A portion of a 145 year old convict built road has been unearthed during the Great Eastern Highway upgrade. Learn more about this fantastic discovery in a short four minute video.
Click here to view Channel 9's story.
A portion of a 145 year old convict road has been discovered during the Great Eastern Highway upgrade.
A 20m stretch of jarrah wooden discs was unearthed during road works for the westbound lane near the corner of Belmont Avenue, Belmont.
The State Heritage Office worked with City East Alliance, the WA Museum and the City of Belmont to safely excavate five salvageable pieces including a 5m long kerb.
City East Alliance Director Stephen Nicolay said while carrying out upgrade works the team noticed a general pattern occurring with the wooden discs under the exposed surface.
“It was an exciting find, and we were happy to have been able to assist the State Heritage Office in recovering a valuable piece of the State’s history,” Mr Nicolay said.
State Heritage Office Executive Director Graeme Gammie said that he appreciated the collaborative effort to appropriately record and dig up the remnants.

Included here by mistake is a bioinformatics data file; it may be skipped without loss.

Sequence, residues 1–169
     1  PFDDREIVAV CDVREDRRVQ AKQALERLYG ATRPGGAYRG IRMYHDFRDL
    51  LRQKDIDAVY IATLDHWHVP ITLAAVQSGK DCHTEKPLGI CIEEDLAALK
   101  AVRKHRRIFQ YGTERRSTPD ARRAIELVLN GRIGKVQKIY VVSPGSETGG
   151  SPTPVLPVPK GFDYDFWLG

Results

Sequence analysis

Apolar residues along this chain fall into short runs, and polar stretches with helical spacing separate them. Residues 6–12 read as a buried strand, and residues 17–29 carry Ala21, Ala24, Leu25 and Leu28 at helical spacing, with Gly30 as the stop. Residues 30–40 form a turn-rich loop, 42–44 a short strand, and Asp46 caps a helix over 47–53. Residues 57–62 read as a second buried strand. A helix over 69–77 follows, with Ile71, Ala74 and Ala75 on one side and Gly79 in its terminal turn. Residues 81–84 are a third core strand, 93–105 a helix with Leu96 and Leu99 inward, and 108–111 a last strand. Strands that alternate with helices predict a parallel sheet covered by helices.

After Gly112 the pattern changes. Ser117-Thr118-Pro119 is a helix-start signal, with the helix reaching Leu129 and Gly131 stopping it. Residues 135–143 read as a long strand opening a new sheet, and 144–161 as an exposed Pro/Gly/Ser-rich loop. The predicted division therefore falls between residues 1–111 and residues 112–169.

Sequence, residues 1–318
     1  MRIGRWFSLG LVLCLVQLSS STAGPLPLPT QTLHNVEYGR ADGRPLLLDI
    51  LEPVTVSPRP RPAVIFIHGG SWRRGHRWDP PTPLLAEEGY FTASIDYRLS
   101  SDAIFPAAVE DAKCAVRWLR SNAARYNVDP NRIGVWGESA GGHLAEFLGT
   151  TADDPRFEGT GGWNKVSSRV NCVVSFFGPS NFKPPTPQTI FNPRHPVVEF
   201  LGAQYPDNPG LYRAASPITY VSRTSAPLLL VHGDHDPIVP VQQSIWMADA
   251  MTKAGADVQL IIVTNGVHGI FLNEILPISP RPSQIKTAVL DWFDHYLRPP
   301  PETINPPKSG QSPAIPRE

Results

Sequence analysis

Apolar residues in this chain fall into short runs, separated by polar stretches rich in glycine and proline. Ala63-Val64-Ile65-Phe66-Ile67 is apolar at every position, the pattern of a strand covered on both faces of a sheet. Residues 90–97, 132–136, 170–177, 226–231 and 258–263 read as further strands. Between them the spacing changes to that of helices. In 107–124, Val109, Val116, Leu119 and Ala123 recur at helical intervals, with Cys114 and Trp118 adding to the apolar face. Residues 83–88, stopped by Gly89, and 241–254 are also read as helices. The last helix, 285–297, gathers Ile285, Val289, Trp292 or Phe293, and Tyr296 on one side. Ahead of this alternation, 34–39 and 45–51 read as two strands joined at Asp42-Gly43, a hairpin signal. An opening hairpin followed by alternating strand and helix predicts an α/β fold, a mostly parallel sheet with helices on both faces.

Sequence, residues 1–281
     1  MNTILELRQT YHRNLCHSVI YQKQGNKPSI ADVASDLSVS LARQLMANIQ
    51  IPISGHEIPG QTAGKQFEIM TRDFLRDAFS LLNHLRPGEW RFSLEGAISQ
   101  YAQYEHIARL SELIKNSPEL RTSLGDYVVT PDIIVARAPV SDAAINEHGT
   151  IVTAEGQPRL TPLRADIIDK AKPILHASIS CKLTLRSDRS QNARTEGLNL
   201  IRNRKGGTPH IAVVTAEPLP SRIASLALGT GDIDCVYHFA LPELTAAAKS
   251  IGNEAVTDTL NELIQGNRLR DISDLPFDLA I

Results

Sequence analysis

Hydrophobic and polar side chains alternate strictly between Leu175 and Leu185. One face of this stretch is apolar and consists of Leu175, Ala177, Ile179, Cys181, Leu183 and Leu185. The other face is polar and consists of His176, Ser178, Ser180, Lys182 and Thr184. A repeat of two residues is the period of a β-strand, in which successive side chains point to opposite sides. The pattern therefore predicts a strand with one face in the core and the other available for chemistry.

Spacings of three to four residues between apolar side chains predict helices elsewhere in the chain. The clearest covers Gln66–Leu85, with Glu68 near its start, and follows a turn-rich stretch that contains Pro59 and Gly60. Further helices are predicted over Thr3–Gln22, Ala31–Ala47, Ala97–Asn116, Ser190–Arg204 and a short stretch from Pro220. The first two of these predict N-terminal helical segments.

“It was a great opportunity to uncover a fascinating story about the type of works carried out by convicts, and the important role they played in developing infrastructure in Western Australia and particularly Belmont,” Mr Gammie said.
Initial indications showed that the road was likely to have been constructed by convict labour in 1867.
This type of road construction was known as ‘Hampton’s Cheeses’ after controversial Governor of Western Australia, John Hampton who proposed the use of wooden discs as a road base.
Hampton’s Cheeses were made from sections of tree trunks about 30cm thick and up to 90cm in diameter and were used along major roads and highways around Perth.
City of Belmont Mayor Phil Marks said the City is committed to preserving its history and has acquired the remnants to restore and display them in a future exhibition at the Belmont Museum.
“Once the restoration process is completed, the community will be able to view the find during Museum opening hours and learn more about its unique history,” Mayor Marks said.
The Great Eastern Highway road works remains on schedule to finish ahead of its December 2013 completion date.